Motion of object (simple harmonic motion?)

In summary, the conversation discusses the motion of a ball dropped from height 4.00m and its elastic collision with the ground. The questions revolve around showing that the motion is periodic, determining the period of motion, and whether the motion is simple harmonic. The suggested approaches include drawing a graph of position versus time, using conservation of mechanical energy, and looking to kinematic equations to find the time for one cycle.
  • #1
~christina~
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Homework Statement



A ball dropped from height 4.00m makes an ellastic collision with the ground. Assuming no mechanical energy is lost to air resistance.

a) show that the motion is periodic

b) determine period of motion

c) is the motion simple harmonic?


Homework Equations



not sure how to approach "showing motion is periodic" so I don't know what eqzn to use

The Attempt at a Solution



a) show that the motion is periodic...

How would I technically show that??

I do know that it would be periodic since the ball hits the ground then bounces back up to the height it was dropped from but as to showing that...

b) period of motion.

well the period would be the time interval for the particle to go through one full cycle of motion but I'm not sure what to use there as well since in the book all they explain is the period as [tex]T= 2 \pi / \omega [/tex]

can anyone help me out?

Thank you very much
 
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  • #2
Try to draw a graph of position versus time for the motion of the ball (it drops, and rises, with a constant acceleration/deceleration) and see how long it takes for the graph to repeat itself.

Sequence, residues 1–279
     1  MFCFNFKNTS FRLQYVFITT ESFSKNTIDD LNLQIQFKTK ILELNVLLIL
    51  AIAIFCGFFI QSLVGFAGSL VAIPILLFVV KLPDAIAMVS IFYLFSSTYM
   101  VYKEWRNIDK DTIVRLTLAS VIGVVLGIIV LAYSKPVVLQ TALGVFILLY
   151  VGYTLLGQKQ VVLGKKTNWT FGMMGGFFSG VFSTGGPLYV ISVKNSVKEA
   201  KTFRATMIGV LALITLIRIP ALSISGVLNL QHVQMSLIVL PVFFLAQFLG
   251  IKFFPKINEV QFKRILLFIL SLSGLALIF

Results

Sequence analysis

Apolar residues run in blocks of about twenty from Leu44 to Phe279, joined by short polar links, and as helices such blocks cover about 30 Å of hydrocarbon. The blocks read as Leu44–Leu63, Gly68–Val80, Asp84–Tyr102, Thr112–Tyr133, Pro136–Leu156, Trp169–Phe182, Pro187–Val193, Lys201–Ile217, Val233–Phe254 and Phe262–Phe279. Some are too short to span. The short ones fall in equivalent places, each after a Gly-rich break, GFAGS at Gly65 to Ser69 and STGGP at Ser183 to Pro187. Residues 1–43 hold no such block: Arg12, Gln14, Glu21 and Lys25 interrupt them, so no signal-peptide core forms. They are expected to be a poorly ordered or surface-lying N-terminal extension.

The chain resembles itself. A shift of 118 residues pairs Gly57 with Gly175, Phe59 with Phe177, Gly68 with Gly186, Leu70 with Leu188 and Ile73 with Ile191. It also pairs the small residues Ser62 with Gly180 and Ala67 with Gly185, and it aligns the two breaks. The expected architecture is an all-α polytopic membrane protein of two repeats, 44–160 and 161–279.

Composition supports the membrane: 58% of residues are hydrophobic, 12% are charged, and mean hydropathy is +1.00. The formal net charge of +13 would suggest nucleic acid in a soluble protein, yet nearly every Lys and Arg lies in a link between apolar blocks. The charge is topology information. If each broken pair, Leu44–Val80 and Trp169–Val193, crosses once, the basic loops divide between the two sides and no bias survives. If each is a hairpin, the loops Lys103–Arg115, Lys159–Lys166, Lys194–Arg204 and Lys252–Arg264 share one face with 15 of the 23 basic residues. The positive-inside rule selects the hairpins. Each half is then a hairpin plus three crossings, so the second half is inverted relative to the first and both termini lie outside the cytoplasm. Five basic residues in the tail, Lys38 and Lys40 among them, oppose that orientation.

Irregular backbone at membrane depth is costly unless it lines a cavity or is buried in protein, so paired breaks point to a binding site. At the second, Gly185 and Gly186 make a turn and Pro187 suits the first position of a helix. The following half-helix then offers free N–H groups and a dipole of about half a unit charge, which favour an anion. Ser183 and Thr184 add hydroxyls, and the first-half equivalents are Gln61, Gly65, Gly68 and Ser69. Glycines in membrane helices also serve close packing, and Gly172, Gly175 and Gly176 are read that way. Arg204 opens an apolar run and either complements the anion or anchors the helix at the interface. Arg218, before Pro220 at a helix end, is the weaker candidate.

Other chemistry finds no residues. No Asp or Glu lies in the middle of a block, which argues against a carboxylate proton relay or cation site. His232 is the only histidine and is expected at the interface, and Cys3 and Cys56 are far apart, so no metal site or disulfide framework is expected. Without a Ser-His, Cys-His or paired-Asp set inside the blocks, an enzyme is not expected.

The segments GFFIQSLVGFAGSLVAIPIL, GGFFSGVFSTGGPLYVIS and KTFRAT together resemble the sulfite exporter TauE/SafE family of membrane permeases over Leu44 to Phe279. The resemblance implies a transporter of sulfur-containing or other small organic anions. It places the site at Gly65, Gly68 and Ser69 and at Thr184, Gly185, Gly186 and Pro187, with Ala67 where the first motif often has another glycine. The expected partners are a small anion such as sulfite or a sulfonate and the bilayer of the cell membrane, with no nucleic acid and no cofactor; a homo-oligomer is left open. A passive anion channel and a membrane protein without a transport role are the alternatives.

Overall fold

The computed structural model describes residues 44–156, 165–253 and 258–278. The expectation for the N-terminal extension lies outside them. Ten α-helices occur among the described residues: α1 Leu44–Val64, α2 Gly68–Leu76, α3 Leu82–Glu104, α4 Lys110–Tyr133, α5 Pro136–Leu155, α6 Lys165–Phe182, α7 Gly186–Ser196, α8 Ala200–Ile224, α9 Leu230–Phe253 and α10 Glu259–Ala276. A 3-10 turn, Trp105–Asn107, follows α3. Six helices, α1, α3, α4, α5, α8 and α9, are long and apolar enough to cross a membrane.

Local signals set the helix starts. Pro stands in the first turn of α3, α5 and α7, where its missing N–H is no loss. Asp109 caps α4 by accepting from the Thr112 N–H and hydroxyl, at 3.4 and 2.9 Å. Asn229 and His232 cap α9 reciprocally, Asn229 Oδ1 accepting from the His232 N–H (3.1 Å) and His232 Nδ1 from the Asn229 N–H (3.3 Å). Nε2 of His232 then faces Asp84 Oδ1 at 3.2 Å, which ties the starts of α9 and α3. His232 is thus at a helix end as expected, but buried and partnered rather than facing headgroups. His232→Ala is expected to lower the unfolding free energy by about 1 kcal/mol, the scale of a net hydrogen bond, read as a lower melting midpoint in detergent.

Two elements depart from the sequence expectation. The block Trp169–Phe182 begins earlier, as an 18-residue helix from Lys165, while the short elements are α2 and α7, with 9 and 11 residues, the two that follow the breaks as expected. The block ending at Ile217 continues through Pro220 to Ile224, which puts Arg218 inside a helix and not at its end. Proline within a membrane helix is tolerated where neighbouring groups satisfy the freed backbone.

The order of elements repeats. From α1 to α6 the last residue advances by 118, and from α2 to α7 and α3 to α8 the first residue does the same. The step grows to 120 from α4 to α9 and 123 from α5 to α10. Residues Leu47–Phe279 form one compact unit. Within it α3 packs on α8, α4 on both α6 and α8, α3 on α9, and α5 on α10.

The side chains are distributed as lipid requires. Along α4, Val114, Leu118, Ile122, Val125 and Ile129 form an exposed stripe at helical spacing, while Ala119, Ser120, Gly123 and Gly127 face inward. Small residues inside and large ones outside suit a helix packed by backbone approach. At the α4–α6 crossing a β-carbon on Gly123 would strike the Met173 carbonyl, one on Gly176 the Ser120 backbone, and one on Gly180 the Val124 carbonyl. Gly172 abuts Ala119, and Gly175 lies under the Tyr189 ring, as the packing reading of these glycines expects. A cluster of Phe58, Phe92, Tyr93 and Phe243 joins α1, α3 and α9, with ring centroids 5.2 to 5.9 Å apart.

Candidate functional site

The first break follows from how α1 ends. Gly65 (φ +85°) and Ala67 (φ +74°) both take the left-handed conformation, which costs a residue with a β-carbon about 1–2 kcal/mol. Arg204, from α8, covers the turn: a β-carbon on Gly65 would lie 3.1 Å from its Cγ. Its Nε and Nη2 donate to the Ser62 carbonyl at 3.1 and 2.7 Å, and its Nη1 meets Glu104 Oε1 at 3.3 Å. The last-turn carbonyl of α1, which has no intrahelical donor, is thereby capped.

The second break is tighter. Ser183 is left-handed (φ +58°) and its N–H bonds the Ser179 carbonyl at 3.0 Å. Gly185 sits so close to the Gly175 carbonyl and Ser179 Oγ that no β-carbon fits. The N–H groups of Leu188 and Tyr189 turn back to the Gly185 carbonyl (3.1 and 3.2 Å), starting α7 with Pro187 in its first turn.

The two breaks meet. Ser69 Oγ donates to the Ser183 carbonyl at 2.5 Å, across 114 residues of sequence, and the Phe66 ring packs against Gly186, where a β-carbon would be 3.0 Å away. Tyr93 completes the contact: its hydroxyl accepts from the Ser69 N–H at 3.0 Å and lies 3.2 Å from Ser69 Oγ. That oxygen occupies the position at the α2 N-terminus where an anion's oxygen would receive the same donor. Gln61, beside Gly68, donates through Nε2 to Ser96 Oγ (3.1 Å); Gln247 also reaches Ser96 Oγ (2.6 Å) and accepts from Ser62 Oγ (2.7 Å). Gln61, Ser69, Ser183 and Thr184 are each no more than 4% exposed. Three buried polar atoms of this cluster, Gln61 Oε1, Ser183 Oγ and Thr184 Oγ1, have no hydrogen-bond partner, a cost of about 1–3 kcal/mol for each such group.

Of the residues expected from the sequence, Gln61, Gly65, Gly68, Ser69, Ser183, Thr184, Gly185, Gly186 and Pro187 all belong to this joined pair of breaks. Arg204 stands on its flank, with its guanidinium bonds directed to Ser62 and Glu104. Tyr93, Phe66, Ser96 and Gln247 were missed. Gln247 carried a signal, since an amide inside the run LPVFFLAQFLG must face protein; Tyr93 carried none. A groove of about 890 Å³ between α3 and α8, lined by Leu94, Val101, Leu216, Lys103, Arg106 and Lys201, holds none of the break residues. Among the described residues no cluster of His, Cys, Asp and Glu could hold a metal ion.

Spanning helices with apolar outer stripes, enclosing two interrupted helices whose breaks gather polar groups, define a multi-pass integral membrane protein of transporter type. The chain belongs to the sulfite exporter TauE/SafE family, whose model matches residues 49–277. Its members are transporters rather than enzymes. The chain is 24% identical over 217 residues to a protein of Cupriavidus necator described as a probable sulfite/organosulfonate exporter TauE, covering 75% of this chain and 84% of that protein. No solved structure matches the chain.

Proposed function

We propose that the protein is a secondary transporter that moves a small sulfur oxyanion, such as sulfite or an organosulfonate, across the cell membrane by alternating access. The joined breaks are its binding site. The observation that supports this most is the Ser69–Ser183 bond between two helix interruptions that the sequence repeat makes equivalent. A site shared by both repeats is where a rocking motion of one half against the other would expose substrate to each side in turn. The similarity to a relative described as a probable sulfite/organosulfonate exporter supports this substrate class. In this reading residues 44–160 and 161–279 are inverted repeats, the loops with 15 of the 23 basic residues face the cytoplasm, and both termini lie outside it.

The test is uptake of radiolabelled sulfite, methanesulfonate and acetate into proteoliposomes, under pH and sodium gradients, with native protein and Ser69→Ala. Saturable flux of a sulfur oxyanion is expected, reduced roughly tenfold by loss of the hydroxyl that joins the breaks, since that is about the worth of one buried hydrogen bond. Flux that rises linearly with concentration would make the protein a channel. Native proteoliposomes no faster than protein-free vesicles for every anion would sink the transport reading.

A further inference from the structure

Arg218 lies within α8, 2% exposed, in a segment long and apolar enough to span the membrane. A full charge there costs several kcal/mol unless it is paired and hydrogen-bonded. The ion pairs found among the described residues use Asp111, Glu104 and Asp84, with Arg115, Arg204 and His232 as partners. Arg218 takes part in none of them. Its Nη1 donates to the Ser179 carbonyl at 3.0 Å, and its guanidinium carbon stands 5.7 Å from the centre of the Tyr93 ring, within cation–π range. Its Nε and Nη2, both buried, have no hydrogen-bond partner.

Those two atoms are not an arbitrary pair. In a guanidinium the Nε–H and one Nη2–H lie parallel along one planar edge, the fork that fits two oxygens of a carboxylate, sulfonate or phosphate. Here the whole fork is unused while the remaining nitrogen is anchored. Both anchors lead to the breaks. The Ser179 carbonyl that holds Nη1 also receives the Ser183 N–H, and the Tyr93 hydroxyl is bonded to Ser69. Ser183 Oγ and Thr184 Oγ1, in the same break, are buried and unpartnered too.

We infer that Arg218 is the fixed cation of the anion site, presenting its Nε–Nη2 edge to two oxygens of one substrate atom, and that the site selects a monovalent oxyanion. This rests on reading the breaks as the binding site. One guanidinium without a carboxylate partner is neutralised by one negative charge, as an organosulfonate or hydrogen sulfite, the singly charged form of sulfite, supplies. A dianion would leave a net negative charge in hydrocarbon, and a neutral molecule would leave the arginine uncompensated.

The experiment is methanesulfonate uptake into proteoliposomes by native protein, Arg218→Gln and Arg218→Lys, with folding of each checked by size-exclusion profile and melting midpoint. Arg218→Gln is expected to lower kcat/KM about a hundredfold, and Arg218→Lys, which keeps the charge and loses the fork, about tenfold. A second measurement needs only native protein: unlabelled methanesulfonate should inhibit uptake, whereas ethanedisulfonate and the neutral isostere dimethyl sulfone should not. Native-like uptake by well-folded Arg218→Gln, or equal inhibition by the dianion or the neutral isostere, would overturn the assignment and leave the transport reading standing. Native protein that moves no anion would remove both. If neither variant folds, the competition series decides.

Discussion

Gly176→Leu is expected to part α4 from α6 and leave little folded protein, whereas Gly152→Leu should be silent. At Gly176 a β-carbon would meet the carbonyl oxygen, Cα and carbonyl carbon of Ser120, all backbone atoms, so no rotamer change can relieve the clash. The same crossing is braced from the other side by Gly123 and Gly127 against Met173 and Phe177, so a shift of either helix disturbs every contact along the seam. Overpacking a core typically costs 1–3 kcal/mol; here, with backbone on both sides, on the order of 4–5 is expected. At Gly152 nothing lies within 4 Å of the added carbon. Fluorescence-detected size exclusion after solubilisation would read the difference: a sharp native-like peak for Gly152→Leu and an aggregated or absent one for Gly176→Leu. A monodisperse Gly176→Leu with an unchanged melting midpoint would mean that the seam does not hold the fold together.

• #3
a) I'd suggest showing this with energy equations. conservation of mechanical energy will work.

b) You should look to your kinematic equations to find the time it takes to complete one cycle, down then back up again.
 
  • #4
thanks
 

Related to Motion of object (simple harmonic motion?)

1. What is simple harmonic motion?

Simple harmonic motion is a type of periodic motion in which the restoring force is directly proportional to the displacement of the object from its equilibrium position. This means that the object oscillates back and forth around its equilibrium point in a predictable pattern.

2. What are some examples of simple harmonic motion?

Some common examples of simple harmonic motion include a swinging pendulum, a mass attached to a spring, and the vibrations of a guitar string. These all exhibit the same pattern of back-and-forth motion around a central point.

3. How is simple harmonic motion different from other types of motion?

Simple harmonic motion is different from other types of motion because it follows a specific mathematical pattern known as a sinusoidal or sine wave. This pattern is characterized by a smooth, repetitive oscillation around a central point.

4. What factors affect the motion of an object in simple harmonic motion?

The motion of an object in simple harmonic motion is affected by three main factors: the mass of the object, the stiffness of the restoring force (such as the spring or pendulum), and the amplitude (or distance) of the motion. These factors determine the frequency and period of the oscillations.

5. How is simple harmonic motion used in real-world applications?

Simple harmonic motion has many practical applications in areas such as engineering, physics, and music. For example, it is used in the design of suspension systems in cars and buildings, in the creation of accurate clocks and timekeeping devices, and in the production of sound waves in musical instruments.

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